UBC Faculty Research and Publications

Perceived helpfulness of service sectors used for mental and substance use disorders: Findings from the WHO World Mental Health Surveys Harris, Meredith G.; Kazdin, Alan E.; Munthali, Richard; Vigo, Daniel V.; Hwang, Irving; Sampson, Nancy A.; Al-Hamzawi, Ali; Alonso, Jordi; Andrade, Laura H.; Borges, Guilherme; et al.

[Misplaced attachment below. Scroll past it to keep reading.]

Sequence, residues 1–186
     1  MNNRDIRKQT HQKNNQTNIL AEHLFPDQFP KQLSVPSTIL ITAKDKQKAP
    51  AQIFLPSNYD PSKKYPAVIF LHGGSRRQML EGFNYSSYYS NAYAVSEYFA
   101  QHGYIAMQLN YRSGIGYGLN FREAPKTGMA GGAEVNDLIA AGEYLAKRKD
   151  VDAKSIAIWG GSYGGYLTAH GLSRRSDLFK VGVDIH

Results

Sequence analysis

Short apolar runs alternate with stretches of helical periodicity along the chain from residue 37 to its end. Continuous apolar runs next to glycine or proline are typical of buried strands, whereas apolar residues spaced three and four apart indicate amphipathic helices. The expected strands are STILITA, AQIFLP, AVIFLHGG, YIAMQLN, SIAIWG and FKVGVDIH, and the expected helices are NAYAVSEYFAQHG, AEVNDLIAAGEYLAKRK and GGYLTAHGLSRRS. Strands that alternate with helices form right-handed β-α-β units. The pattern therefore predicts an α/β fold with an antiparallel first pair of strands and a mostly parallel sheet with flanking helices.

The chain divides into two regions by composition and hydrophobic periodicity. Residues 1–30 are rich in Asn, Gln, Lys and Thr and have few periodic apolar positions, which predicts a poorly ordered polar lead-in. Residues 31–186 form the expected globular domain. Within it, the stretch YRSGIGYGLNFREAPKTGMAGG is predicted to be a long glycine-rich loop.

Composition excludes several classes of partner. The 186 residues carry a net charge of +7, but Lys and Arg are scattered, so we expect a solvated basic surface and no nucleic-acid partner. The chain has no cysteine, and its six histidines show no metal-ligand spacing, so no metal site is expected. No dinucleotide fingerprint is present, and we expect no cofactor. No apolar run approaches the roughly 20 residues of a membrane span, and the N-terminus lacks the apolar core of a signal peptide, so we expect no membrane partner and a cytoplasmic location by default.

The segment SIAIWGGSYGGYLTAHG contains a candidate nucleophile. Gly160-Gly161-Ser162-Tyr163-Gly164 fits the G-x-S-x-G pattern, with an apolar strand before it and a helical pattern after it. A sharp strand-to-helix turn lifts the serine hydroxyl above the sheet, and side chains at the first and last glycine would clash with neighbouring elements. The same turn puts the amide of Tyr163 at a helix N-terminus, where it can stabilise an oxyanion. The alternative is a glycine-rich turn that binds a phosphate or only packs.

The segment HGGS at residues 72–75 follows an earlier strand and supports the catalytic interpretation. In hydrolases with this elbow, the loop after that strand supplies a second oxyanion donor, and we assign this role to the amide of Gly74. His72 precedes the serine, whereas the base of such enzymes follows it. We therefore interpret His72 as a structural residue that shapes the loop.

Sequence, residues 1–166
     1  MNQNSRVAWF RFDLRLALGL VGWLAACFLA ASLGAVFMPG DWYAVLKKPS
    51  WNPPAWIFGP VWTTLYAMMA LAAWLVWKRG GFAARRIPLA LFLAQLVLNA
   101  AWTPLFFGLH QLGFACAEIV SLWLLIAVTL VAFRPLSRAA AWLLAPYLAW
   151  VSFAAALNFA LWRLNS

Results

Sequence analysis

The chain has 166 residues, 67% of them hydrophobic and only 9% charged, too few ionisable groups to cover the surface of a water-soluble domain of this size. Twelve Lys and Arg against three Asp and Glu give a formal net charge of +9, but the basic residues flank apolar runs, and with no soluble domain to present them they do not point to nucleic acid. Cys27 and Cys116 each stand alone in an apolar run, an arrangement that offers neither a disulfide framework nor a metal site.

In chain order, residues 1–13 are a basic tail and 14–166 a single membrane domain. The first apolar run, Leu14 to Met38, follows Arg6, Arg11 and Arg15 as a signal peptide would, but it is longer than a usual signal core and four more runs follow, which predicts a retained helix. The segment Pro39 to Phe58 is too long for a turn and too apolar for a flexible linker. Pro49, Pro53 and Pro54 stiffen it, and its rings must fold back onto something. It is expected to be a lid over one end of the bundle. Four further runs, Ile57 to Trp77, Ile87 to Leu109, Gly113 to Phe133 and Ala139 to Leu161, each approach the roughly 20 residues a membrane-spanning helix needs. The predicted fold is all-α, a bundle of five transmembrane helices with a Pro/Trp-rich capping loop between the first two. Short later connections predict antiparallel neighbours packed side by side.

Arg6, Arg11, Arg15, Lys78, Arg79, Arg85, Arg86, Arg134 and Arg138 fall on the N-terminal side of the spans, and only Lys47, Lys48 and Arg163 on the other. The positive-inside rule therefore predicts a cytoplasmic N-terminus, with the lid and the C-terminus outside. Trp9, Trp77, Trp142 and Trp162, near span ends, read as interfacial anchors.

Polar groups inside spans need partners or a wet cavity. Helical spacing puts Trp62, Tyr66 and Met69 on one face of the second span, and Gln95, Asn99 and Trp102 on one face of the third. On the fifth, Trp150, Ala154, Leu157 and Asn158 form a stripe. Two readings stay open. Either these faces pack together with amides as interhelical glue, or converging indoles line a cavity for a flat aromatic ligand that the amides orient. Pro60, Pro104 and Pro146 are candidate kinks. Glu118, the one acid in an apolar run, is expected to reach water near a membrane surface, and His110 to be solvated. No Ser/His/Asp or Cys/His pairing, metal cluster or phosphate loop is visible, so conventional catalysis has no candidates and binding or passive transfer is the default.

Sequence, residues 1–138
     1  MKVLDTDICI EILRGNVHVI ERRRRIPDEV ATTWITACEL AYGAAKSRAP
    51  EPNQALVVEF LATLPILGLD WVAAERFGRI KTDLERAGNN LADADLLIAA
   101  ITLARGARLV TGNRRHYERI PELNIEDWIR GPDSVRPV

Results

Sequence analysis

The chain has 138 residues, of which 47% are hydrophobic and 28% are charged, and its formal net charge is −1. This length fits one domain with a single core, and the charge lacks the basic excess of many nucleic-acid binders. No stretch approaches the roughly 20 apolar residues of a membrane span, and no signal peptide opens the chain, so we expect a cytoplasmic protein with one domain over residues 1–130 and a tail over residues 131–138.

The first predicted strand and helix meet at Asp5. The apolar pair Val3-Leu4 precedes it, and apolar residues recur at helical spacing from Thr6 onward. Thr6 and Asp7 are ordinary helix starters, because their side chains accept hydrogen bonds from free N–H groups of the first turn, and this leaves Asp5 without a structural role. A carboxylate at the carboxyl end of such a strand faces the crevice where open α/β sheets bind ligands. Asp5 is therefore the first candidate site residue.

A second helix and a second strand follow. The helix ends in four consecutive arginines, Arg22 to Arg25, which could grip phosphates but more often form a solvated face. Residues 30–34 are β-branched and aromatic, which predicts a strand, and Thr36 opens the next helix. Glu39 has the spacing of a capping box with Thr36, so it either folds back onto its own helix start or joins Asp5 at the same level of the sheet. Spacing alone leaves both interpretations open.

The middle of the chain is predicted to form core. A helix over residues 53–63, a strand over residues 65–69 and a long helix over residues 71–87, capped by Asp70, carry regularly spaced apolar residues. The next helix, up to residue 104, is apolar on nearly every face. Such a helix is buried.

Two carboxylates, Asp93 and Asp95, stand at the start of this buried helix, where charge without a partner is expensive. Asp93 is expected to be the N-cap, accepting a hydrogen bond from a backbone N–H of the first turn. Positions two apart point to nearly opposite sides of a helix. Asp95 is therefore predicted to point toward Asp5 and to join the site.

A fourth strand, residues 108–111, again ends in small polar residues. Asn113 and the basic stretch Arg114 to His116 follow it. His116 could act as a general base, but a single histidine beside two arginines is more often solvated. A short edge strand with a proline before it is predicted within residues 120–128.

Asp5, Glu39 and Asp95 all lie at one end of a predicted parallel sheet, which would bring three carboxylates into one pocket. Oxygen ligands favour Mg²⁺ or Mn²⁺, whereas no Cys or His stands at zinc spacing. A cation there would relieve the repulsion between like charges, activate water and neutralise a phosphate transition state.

Background Mental healthcare is delivered across service sectors that differ in level of specialization and intervention modalities typically offered. Little is known about the perceived helpfulness of the combinations of service sectors that patients use. Methods Respondents 18 + years with 12-month DSM-IV mental or substance use disorders who saw a provider for mental health problems in the year before interview were identified from WHO World Mental Health surveys in 17 countries. Based upon the types of providers seen, patients were grouped into nine mutually exclusive single-sector or multi-sector ‘treatment profiles’. Perceived helpfulness was defined as the patient’s maximum rating of being helped (‘a lot’, ‘some’, ‘a little’ or ‘not at all’) of any type of provider seen in the profile. Logistic regression analysis was used to examine the joint associations of sociodemographics, disorder types, and treatment profiles with being helped ‘a lot’. Results Across all surveys combined, 29.4% (S.E. 0.6) of respondents with a 12-month disorder saw a provider in the past year (N = 3221). Of these patients, 58.2% (S.E. 1.0) reported being helped ‘a lot’. Odds of being helped ‘a lot’ were significantly higher (odds ratios [ORs] = 1.50–1.89) among the 12.9% of patients who used specialized multi-sector profiles involving both psychiatrists and other mental health specialists, compared to other patients, despite their high comorbidities. Lower odds of being helped ‘a lot’ were found among patients who were seen only in the general medical, psychiatrist, or other mental health specialty sectors (ORs = 0.46–0.71). Female gender and older age were associated with increased odds of being helped ‘a lot’. In models stratified by country income group, having 3 or more disorders (high-income countries only) and state-funded health insurance (low/middle-income countries only) were associated with increased odds of being helped ‘a lot’. Conclusions Patients who received specialized, multi-sector care were more likely than other patients to report being helped ‘a lot’. This result is consistent with previous research suggesting that persistence in help-seeking is associated with receiving helpful treatment. Given the nonrandom sorting of patients by types of providers seen and persistence in help-seeking, we cannot discount that selection bias may play some role in this pattern.

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